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shock: Gerald held fast by the roots, until his arms grew so weary that he could hold no longer: he then let himself down, little hoping to escape the fall; fortunately he had not far to go, and lighted safe on the dead carcase of his horse. The situation was still unpromising enough. There was no possibility of ascending; and he stood there, up to his ankles in water and in a hopeless condition, for about three hours. Providentially he had taken with him a dog, which, after hunting about for him a long time to no purpose, at last traced him to the chasm into which he had fallen. Stopping there, the faithful and sagacious creature set up a long howling, and never stopped until he drew the attention of some hunters of the same company. Being thus discovered, he was soon extricated by a rope and basket. Cox, who tells the story from Hollinshed, rejects it as “a little monkish." It may be in a great measure fictitious, but has assuredly nothing otherwise monkish in its object or construction.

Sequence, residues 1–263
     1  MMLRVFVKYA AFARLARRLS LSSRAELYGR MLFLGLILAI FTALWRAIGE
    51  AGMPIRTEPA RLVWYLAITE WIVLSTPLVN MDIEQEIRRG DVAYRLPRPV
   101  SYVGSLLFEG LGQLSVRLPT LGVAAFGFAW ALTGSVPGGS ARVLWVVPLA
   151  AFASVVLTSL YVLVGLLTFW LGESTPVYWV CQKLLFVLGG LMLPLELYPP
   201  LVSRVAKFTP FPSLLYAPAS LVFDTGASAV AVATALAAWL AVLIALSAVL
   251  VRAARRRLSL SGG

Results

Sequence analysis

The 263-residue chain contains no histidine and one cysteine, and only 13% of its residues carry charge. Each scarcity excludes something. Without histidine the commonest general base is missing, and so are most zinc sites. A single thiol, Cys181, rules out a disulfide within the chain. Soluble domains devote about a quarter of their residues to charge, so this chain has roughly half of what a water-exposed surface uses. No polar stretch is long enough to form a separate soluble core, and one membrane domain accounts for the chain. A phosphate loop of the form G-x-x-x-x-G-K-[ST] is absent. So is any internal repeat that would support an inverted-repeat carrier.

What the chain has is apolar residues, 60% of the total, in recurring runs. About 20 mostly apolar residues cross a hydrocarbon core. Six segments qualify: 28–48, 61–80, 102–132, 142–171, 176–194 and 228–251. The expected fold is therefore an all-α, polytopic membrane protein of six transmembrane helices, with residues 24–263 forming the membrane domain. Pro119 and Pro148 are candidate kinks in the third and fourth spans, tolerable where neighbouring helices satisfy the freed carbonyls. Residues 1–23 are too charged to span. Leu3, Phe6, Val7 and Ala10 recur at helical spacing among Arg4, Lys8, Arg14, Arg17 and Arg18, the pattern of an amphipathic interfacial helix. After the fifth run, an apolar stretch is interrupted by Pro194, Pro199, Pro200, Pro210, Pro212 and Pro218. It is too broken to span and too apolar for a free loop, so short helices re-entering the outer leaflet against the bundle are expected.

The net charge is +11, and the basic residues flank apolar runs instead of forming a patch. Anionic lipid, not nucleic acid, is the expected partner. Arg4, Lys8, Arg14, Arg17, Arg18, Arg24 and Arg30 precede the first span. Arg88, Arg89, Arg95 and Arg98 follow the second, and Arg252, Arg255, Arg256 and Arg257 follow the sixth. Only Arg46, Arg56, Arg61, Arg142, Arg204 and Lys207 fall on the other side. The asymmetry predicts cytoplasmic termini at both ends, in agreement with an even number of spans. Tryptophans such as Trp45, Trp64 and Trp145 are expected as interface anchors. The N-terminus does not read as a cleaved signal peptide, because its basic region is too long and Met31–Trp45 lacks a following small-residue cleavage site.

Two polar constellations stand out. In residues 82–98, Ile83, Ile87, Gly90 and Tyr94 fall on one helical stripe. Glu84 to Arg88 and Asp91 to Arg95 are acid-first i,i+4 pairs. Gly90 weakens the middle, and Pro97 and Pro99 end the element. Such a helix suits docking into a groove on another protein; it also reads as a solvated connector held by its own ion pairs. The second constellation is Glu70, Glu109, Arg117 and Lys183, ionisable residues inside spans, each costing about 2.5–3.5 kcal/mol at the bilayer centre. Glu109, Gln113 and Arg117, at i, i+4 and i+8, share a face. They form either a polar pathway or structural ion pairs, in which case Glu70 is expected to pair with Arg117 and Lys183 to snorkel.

While such was the course of his life abroad, he seems to have been the object of continued anxiety and unremitting contention both among friends and foes at home. The O'Donells, O’Nialls, and other Irish chiefs, were loud in menace and expostulation; and a letter from John Allen to Cromwell, in 1539, mentions the threat of these chiefs, “that if the king's majestie will not restore young Gerald to all the possessions and pre-eminence that his father had in this land, they will do what they can, if they may have opportunity, to put him in by force."* By a letter from Brabazon, of the same date, it appears as if there then existed a suspicion that Gerald was actually in the kingdom, and consequently a strange ignorance as to his real place of abode; though, if we do not impute the same ignorance to nearly all Irish historians of this period, there is no reason to suppose that he returned to Ireland for many years from his first escape, until long after the death of king Henry. One thing is certain, that his capture was considered as an object of the first importance, not only, as Brabazon expresses it, “lest this said Gerald Fitz-Gerald may play the like part (with others of his party and kinsmen) when he may,” but also, on the ground that if he were once taken, their power would cease. These notices, and many other to the same effect, which from time to time occur through the correspondence of the chief Irish officers with the English court, indicate undeniably that an importance was attached to this young nobleman, which by no means appears in Ware, Cox, Leland, or any others of the various historical writers whom we have had occasion to consult.